Mess, noise, static

mess maple“The derecho felled my father, I mean my maple tree”: that’s a line from my forthcoming book, Radioland. My desk at home faces a large old maple, and beyond that Myers St., and beyond that House Mountain. A storm cleaved the tree, however, during the summer of 2012, about a month after my father died. Half the wood smashed down on our porch roof. A few weeks afterward, a pipe burst and our house flooded so catastrophically we had to move out for a couple of months while the major repairs were underway. In one of those irrational associational chains, I connected both events with my father’s death. On a tree expert’s advice, we let the broken maple struggle on for a few years. I wrote with an eye to its golden wound, watching the exposed grain darken, waiting for each April’s reduced leafing, until recently, we called it quits. The tree was dying and we feared the next storm would bring the rest of it down on us, or on our neighbors.

So it’s surreal to me to watch the last of my tree taken to pieces as I proofread the gallmess radiolandeys of Radioland, a collection full of my father’s death, that derecho-torn maple, and other disasters. I’ve been writing these poems for years, and in fact pulled together the first version of the book in April 2013, during a two-week retreat at the VCCA. I just found this snapshot of the winnowing/ arranging process on my phone. If there’s a way to lay out the draft of a poetry book without making a mess on every available surface, I don’t know it.

The book has undergone several transformations since then. Just a few weeks ago I took some advice from my editor at Barrow Street and put a different poem in front of the pack. It was the right call, but the change meant rereading critically to see how the book’s arc was jostled into new meanings. Everything alters a little: the story, the progression of feeling, the rhythms made by recurrences of forms and styles and subjects. I discovered patterns in diction I hadn’t caught before, particularly the overuse of “noise” and “static,” because that’s one of the main questions this book asks–how does a person sift through the noise of experience and find a true signal worth amplifying?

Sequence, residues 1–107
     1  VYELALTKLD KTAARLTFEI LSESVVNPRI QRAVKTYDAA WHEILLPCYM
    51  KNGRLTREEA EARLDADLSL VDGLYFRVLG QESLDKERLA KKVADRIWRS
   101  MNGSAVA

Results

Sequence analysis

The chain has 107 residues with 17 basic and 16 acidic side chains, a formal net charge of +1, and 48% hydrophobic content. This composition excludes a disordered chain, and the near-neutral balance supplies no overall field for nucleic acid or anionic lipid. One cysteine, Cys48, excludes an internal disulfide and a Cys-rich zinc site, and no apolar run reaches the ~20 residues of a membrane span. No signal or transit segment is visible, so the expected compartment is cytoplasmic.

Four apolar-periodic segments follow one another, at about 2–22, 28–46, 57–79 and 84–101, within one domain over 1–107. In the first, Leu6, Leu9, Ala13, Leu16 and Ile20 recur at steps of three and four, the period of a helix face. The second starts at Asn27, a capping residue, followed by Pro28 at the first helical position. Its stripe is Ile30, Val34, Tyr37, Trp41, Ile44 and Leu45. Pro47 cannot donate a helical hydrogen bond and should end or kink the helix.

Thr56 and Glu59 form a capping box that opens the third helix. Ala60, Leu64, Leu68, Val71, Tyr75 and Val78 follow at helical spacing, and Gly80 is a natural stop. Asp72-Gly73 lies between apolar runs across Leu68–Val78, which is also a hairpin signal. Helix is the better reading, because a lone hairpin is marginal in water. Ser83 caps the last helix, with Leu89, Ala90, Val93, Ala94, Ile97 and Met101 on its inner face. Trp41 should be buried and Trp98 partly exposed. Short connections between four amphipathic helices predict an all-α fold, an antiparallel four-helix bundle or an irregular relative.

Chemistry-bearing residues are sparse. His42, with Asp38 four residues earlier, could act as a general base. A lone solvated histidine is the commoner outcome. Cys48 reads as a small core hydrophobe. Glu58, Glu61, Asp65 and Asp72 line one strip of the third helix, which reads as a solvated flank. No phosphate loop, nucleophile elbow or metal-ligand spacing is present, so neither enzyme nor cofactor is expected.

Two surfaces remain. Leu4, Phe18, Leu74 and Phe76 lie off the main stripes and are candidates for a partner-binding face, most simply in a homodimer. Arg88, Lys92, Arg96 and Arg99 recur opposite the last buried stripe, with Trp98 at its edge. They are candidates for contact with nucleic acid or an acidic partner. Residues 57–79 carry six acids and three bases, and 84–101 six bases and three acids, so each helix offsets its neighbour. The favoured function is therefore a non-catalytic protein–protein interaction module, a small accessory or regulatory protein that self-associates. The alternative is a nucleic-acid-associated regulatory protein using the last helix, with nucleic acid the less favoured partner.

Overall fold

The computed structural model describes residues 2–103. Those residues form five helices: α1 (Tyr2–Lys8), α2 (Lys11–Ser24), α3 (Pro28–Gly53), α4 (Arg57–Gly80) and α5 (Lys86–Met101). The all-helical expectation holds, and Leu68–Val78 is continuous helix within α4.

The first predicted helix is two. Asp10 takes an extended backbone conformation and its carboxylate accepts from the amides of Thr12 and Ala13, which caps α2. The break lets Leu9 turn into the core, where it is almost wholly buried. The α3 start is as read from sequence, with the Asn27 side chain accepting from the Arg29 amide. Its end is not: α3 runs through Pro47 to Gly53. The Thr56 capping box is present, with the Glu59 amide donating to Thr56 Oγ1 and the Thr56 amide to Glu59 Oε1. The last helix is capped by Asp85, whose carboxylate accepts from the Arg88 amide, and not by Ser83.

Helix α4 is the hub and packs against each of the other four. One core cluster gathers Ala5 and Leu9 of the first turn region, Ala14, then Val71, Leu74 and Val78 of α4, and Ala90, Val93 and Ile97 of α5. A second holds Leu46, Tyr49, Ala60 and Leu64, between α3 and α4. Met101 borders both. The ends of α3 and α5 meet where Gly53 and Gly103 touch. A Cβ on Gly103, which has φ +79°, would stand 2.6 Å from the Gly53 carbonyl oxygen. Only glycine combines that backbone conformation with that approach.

A year ago I wrote about the process of working on this collection here, and my ominous last question was, “What am I not seeing?” At this point I’m mainly proofing for layout problems–spacing, italics–but I did give the ms yet another rereading this morning. Each time, I realize something new. Radioland contains many sonnets, some of them portraying the dissolution of my parents’ marriage. They start off arranged in fragmentary couplets but become more integrated as the book turns in a hopeful direction. What’s missing, perhaps, is one last fourteen-liner, a love poem to the spouse whose help got me through. Instead, he’s lurking unobtrusively but companionably in a few first-person-plural pronouns. I wonder what other holes and excesses might be invisible to me now, but obvious to readers?

In the meantime, the tree guys and their cherry-pickers just pulled away, leaving only a stump to be ground later. The next question for spousal contemplation: what should we plant in the gap?mess stump

I write my way out of it

One of my talisman poems is section 6 from H.D.’s “The Walls Do Not Fall.” The poet imagines herself as a worm, emblem of lowly persistence, among mist-jeweled grass blades. Her mantra: “I profit/ by every calamity;/ I eat my way out of it.” The calamity for H.D. was living in London during the Blitz.

The apocalyptic trilogy of my summer 2012 is on a much smaller scale: the death of my father; workplace disaster (more to come on that subject); and, just for fun, that derecho last weekend tearing open a beautiful four-story maple and dumping half on our roof and porch. Damage from the latter wasn’t terrible, but I’ve already had enough of insurance, repairs, and power outages. And the dark green canopy I once faced from my desk is stripped away in favor of a long, jagged wound of pale wood.